On February 28, 2000, my husband Gary was diagnosed with cancer. He was given less than six months to live. He was 47, and I was 45; our daughters were eight and nine. We knew our life would never be the same from that day on.
We both worked in the human services sector, more specifically, the non-profit world. At the time we did not know that our employers and the employees of our agencies would become the lifelines that we would hold onto dear life.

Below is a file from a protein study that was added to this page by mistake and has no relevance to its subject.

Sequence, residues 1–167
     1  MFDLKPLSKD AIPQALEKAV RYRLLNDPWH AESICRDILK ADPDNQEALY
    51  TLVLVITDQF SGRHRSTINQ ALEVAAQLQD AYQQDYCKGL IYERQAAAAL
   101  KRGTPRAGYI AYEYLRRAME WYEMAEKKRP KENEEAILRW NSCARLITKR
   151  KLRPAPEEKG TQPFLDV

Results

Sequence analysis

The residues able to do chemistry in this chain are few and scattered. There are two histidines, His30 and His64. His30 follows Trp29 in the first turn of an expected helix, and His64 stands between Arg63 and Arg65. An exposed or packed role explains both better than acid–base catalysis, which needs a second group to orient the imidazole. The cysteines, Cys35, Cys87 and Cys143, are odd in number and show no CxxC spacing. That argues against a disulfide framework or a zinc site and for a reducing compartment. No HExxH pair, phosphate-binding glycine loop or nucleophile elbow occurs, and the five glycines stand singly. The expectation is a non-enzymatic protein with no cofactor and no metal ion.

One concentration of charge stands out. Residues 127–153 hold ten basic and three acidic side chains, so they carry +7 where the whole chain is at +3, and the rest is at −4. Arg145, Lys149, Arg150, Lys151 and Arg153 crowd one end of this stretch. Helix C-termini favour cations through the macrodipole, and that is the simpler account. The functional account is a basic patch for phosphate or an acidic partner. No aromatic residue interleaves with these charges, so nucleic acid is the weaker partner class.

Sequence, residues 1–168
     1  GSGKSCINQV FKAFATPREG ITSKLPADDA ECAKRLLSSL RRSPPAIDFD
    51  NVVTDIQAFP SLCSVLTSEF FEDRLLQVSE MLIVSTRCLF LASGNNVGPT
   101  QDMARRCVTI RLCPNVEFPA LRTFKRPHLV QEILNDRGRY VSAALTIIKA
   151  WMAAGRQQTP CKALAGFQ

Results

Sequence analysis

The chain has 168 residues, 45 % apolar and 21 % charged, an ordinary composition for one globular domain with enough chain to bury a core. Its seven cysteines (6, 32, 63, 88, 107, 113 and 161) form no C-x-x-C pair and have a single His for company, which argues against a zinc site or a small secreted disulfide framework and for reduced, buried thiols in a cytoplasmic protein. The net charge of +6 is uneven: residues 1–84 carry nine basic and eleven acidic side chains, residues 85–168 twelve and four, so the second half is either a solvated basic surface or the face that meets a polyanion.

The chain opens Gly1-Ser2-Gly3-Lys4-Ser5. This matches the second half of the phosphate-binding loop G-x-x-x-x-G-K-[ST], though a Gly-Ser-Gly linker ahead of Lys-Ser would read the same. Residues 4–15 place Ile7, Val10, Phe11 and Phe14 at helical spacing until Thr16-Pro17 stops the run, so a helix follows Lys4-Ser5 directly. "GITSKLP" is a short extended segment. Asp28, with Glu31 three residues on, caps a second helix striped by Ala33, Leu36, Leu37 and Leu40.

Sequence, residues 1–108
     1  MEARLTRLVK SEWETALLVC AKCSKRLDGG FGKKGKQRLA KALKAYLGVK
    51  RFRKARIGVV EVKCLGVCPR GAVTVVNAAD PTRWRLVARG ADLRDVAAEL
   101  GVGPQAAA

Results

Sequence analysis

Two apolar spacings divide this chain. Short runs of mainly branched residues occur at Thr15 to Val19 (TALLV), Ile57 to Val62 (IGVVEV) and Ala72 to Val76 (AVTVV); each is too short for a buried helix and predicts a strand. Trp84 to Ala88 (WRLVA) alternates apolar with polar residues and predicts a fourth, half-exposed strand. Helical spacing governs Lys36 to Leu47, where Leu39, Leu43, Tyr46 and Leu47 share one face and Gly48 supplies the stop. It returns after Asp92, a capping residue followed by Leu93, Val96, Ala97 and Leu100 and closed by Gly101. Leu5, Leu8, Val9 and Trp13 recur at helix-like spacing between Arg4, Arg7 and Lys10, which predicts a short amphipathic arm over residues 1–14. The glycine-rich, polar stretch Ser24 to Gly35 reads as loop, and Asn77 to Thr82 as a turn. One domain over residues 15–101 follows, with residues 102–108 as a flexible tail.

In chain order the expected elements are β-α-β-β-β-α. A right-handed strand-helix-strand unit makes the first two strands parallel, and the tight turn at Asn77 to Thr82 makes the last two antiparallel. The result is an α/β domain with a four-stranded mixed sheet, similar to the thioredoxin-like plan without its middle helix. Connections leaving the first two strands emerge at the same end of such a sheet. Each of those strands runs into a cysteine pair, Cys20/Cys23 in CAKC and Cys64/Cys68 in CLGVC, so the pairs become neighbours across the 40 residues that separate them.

Gary worked for the United Way of the Alberta Capital Region and had been there for just over a year. Looking back, I do not think it would have mattered if had been there only a week. His employer was compassionate, supportive, and willing to put whatever we needed into place to make it as easy as possible for Gary. All staff members in the agency went out of their way to let Gary know that they would do anything to make his last days with us as comfortable and peaceful as possible. They visited him at home, sent him funny cards and called on the phone just to say hello. They were more like family than co-workers. Any paperwork needing to be done was approached in the kindest and most personal way I have ever witnessed. On the days when Gary could in and spend some time at work, arrangements were made quickly and effortlessly. He was always made to feel that he was still part of the team and that his input was highly valued.